|Category||Horror||Theatrical Trailer(s)||Yes, 1 - 1.33:1, Dolby Digital 2.0 mono|
|Year Released||1982||Commentary Tracks||Yes, 1 - John Carpenter (Director) & Kurt Russell (Actor)|
|Running Time||104:06 minutes||Other Extras||Menu Audio
Featurette-John Carpenter's The Thing: Terror Takes Shape (80:34)
Gallery-Production Background Archive
Photo Gallery-Cast Production Photographs
Gallery-Production Art & Storyboards
Cast & Crew Biographies
|Pan & Scan/Full Frame||None||MPEG||None|
|Widescreen Aspect Ratio||2.35:1||Dolby Digital||5.1|
|16x9 Enhancement||No||Soundtrack Languages||English (Dolby Digital 5.1, 384Kb/s)
French (Dolby Digital 2.0 , 192Kb/s)
Italian (Dolby Digital 2.0, 192Kb/s)
Spanish (Dolby Digital 1.0, 96Kb/s)
Polish (Dolby Digital 1.0, 96Kb/s)
English Audio Commentary (Dolby Digital 1.0, 96Kb/s)
|Theatrical Aspect Ratio||2.35:1||
|Subtitles||English for the Hearing Impaired
|Annoying Product Placement||Yes, mildly|
|Action In or After Credits||No|
Set in Antarctica in 1982, the story revolves around the discovery of an alien deeply buried in the Antarctic ice. This alien assimilates other species and can change form, mimicking these other species. This alien is nasty.
Kurt Russell (MacReady) is a scientist at a US scientific outpost in the Antarctic who is forced to do battle with the shape-shifting alien, who could be any one of the twelve man crew of the outpost, including himself.
This is a very good horror movie, with lots of genuine scares, and an incredibly tense atmosphere. The special effects are phenomenal, and made all the more remarkable when you realize that CGI effects had not yet become a reality in Hollywood at the time this movie was made. The model work, matte artistry, and other physical special effects work is second-to-none.
The transfer is presented at an aspect ratio of 2.35:1. It is not 16x9 enhanced. The great majority of the image problems with this disc can be blamed fairly and squarely on this fact. Indeed, the image problems exhibited by this disc are reminiscent of the image problems of both Backdraft and Titanic, both of which were also hampered by not being 16x9 enhanced.
In a nutshell, the transfer lacked resolution. Fine background and middle ground details were simply lost because of the limited vertical resolution of the transfer. This is particularly problematic and evident in the opening helicopter sequences, where the helicopter loses resolution dramatically whenever it is distant to the camera.
Shadow detail is poor, with little to no detail discernible in the darker scenes. I suspect that this is more a source issue with the type of film stocks available in 1982 rather than a specific transfer problem. Fortunately, low level noise was not a problem in the darker scenes.
The colours were passably rendered, but certainly showed the vintage of the movie in their overall colour balance.
There were no MPEG artefacts seen.
Film to video artefacts consisted of a great deal of moderate aliasing. Whilst not as bad as the aliasing in Backdraft, the aliasing in this transfer was actually considerably more distracting since it was present in almost every shot - many of the shots in this movie are slow-moving pans which shimmer and shake just enough to be very annoying. It comes as a relief when the camera stops moving and the aliasing stops momentarily. As with the lack of resolution in this transfer, the blame for this excessive artefacting can be laid fairly and squarely on the lack of 16x9 enhancement of this transfer. In addition to the excessive aliasing, there was considerable image wobble early on in the transfer, particularly during the opening credits. Whilst this may be inherent in the movie, it is quite distracting nonetheless.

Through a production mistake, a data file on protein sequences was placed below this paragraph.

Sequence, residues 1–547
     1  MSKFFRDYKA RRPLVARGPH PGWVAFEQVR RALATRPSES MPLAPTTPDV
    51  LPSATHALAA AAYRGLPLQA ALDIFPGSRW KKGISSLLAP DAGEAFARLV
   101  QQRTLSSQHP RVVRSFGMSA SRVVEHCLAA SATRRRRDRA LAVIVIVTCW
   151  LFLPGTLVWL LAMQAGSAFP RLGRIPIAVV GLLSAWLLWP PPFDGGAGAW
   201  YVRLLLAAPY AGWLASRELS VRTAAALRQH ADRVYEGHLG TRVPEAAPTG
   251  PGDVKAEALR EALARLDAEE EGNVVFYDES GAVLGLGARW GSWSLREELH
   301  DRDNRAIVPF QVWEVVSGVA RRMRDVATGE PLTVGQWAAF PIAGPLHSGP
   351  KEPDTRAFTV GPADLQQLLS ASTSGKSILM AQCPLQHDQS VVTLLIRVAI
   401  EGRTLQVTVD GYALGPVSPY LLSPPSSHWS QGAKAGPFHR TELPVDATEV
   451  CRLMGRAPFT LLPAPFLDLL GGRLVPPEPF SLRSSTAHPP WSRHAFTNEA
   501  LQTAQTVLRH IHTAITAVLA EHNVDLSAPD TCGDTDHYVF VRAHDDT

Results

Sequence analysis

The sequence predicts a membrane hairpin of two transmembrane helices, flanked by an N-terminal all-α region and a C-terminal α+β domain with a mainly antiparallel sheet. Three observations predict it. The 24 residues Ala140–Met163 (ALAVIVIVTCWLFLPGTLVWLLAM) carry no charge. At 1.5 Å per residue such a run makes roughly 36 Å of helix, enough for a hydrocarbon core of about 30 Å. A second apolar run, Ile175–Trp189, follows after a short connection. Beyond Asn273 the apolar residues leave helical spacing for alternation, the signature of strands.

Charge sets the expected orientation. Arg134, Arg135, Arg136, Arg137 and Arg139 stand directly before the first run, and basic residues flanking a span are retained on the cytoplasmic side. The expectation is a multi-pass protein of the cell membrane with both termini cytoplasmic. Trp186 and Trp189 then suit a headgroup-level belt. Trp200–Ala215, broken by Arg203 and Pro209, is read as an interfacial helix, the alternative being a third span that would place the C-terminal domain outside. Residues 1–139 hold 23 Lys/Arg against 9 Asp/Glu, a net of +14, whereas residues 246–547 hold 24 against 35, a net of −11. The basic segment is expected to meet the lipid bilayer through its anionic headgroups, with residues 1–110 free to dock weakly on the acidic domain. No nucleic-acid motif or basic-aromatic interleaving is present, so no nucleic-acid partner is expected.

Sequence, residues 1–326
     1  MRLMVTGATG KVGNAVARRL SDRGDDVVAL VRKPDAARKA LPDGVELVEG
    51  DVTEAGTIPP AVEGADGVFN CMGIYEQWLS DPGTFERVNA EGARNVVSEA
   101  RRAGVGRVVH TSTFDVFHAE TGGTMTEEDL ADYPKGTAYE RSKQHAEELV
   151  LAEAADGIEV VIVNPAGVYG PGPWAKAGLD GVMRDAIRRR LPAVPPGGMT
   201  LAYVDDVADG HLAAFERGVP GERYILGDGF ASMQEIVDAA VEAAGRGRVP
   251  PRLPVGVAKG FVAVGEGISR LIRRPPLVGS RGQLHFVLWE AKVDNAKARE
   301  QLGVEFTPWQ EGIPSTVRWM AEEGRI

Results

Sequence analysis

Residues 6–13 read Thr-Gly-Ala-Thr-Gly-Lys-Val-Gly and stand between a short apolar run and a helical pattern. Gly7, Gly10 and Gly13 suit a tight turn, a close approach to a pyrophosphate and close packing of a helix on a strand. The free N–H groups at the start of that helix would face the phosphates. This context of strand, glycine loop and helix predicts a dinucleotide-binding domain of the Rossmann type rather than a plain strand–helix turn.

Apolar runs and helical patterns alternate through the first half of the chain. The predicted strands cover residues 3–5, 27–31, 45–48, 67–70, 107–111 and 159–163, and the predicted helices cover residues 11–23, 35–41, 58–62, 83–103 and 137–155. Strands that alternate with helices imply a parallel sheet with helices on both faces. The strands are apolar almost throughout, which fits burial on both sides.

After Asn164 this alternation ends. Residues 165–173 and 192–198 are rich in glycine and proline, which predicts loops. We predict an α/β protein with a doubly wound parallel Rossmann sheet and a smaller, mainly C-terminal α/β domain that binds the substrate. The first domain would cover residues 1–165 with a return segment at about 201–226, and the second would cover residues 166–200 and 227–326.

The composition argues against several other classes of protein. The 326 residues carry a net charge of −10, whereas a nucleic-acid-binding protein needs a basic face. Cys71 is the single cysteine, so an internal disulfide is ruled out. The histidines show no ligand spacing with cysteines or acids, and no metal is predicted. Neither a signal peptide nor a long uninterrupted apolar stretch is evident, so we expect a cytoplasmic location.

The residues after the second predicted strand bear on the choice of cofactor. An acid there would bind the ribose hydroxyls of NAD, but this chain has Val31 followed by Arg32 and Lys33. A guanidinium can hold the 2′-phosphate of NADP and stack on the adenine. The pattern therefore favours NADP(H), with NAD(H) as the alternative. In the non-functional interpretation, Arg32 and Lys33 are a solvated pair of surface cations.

Film artefacts were far more prevalent than they should have been, even taking into consideration the age of the movie. They became quite distracting at times.
This disc is an RSDL disc, with the layer change placed during Chapter 33, at 88:19. The layer change is acceptably placed and only slightly intrusive.
Dialogue was always clear and easy to understand.
There were no audio sync problems with this disc.
The music was sonorous and well-suited to the on-screen action without being particularly outstanding.
The surround channels had limited use only. Dialogue was placed in the center speaker, and music was generally placed in the left and right channels. Occasionally, some of the music would wrap around slightly to the surround channels, and some special effects made their way into the surround channels, but this was rare. Some special effects were panned across the front soundstage, but these effects tended to be extreme and more distracting than anything else. Fundamentally, this is a mono mix with some stereo elements.
The .1 channel had little use.
Much as I regret saying it, the Region 4 version of this disc is a dud and should be avoided. The Region 1 version of this disc is the version of choice because of the far better video quality it exhibits. As an extra bonus, you get even more extras on the Region 1 version.
The video quality is extremely disappointing, and verges on the completely unacceptable.
The audio quality is acceptable.
The extras are excellent.
© Michael Demtschyna
12th November 1999
|DVD||Pioneer DV-525, using S-Video output|
|Display||Loewe Art-95 95cm direct view CRT in 4:3 mode, via the S-Video input. Calibrated with the NTSC DVD version of Video Essentials.|
|Audio Decoder||Denon AVD-2000 Dolby Digital AddOn Decoder, used as a standalone processor. Calibrated with the NTSC DVD version of Video Essentials.|
|Amplification||2 x EA Playmaster 100W per channel stereo amplifiers for Left, Right, Left Rear and Right Rear; Philips 360 50W per channel stereo amplifier for Centre and Subwoofer|
|Speakers||Philips S2000 speakers for Left, Right; Polk Audio CS-100 Centre Speaker; Apex AS-123 speakers for Left Rear and Right Rear; Yamaha B100-115SE subwoofer|